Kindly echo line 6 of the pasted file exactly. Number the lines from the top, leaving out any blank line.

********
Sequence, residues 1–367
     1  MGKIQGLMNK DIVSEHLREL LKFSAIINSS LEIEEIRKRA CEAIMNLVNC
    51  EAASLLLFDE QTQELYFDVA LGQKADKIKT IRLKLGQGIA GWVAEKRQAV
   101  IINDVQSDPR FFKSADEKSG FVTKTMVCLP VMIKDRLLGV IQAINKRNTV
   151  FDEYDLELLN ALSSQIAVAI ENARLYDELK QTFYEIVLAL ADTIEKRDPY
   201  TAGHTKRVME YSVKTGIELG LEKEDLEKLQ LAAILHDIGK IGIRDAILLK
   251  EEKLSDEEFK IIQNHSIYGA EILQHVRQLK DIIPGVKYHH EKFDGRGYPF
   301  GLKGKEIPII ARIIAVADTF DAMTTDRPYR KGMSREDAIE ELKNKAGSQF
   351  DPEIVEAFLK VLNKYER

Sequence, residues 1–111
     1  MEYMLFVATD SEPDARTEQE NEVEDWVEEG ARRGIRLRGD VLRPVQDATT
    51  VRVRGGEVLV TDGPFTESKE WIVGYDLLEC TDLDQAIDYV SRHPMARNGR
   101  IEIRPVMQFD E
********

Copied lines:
   201  TAGHTKRVME YSVKTGIELG LEKEDLEKLQ LAAILHDIGK IGIRDAILLK